What are browser Cookies?
Cookies are text files with small pieces of data — like a username and password — that are used to identify your computer as you use a computer network. Specific cookies known as HTTP cookies are used to identify specific users and improve your web browsing experience.
Data stored in a cookie is created by the server upon your connection. This data is labeled with an ID unique to you and your computer.
When the cookie is exchanged between your computer and the network server, the server reads the ID and knows what information to specifically serve to you.
What Are Cookies Used For?
- Session management. For example, cookies let websites recognize users and recall their individual login information and preferences, such as sports news versus politics.
- Personalization. Customized advertising is the main way cookies are used to personalize your sessions. You may view certain items or parts of a site, and cookies use this data to help build targeted ads that you might enjoy.
Cookies are stored on your device locally to free up storage space on a website’s servers. In turn, websites can personalize while saving money on server maintenance and storage costs.
Setting a cookie
Cookies are set using the
Set-Cookie header field, sent in an HTTP response from the web server. This header field instructs the web browser to store the cookie and send it back in future requests to the server (the browser will ignore this header field if it does not support cookies or has disabled cookies).
As an example, the browser sends its first HTTP request for the homepage of the
GET /index.html HTTP/1.1
The server responds with two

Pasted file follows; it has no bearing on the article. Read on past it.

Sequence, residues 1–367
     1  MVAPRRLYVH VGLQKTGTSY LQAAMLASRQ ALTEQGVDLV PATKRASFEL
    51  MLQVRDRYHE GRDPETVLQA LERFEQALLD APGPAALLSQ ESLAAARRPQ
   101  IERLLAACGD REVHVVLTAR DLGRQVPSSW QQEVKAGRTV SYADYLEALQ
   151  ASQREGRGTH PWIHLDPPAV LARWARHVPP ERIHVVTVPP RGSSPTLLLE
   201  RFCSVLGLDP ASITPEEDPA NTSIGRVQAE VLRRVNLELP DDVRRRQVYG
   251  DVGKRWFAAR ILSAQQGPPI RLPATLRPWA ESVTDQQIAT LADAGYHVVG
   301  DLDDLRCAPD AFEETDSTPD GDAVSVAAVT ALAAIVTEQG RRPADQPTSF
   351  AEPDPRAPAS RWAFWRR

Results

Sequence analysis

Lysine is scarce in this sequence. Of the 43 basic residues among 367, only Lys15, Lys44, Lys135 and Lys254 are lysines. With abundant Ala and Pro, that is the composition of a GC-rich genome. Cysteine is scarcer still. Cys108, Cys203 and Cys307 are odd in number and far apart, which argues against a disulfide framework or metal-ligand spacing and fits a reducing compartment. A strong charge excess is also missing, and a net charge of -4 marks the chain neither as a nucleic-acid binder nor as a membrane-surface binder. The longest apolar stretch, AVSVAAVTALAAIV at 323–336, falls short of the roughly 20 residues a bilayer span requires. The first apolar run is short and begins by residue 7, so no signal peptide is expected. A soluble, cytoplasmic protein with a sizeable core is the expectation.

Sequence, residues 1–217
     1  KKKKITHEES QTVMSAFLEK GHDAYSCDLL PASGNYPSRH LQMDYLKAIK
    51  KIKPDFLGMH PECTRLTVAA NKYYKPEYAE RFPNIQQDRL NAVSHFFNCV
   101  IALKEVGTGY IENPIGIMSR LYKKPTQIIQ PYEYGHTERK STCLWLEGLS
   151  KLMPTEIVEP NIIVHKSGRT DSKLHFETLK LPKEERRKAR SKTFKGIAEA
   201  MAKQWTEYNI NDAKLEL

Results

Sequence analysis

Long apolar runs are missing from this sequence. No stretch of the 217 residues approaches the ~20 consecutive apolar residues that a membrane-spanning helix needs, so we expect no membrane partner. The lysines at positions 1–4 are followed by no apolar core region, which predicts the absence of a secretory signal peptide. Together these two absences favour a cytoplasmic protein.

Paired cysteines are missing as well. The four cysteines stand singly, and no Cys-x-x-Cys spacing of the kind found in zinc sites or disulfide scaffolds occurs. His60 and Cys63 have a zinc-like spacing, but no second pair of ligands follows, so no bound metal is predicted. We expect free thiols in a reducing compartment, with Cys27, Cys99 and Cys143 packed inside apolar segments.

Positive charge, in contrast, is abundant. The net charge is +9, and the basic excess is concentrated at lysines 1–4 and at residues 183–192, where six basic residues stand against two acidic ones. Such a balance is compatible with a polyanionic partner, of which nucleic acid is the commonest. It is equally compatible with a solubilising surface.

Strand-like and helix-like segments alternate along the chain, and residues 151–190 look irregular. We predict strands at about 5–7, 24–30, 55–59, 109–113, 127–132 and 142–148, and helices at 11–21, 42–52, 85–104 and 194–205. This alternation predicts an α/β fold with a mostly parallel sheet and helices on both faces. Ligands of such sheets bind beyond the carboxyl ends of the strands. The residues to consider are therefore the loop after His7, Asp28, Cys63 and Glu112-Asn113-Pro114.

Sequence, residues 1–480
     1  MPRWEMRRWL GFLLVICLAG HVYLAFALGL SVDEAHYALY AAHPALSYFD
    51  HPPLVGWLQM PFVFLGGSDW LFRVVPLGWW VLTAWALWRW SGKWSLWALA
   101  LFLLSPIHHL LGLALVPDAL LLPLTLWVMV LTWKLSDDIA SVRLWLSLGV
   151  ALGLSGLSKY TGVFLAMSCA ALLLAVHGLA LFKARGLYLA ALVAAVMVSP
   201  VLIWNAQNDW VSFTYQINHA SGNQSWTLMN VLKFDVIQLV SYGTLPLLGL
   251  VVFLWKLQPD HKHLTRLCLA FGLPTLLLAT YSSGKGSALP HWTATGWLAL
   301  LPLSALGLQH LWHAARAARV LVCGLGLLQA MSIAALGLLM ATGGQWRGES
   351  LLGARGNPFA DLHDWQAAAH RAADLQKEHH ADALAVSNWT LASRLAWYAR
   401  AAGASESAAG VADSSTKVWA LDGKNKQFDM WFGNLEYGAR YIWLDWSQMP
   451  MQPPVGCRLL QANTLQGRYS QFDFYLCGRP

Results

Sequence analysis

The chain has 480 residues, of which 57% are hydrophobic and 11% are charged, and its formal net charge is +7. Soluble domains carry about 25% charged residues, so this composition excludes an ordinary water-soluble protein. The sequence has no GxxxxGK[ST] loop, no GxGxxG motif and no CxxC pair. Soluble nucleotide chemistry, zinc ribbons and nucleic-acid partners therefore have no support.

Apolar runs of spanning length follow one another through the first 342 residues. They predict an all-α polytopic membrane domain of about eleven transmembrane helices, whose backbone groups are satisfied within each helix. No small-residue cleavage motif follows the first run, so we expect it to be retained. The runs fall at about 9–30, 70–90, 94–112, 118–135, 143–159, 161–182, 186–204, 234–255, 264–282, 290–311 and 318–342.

Set-Cookie header fields:
HTTP/1.0 200 OK
Set-Cookie: sessionToken=abc123; Expires=Wed, 09 Jun 2021 10:18:14 GMT
The server’s HTTP response contains the contents of the website’s homepage. But it also instructs the browser to set two cookies. The first, “theme”, is considered to be a session cookie since it does not have an
Max-Age attribute. Session cookies are intended to be deleted by the browser when the browser closes. The second, "sessionToken", is considered to be a persistent cookie since it contains an
Expires attribute, which instructs the browser to delete the cookie at a specific date and time.
Information Security and Computer Privacy
Because a cookie can only be read by the company that places it, information security only becomes an issue if someone else gains access to the computer, or the website itself is hacked. Computer browser cookies cannot get any information stored on the computer that was not provided by the user to the website that placed the cookie.
Browser cookies are not used to deliver viruses to a computer. As a browser cookie is a text file, there is no executable code in a cookie accepted by the computer.
On the other hand, cookies can send additional information to a website, such as a history log of web sites the user has visited
Controlling Computer Browser Cookies
The computer user has control over the browser cookies placed on the system. Options include deleting browser cookies from the computer, adjusting the browser settings to delete cookies when exiting the browser, prompting before allowing cookies and blocking all third-party cookies.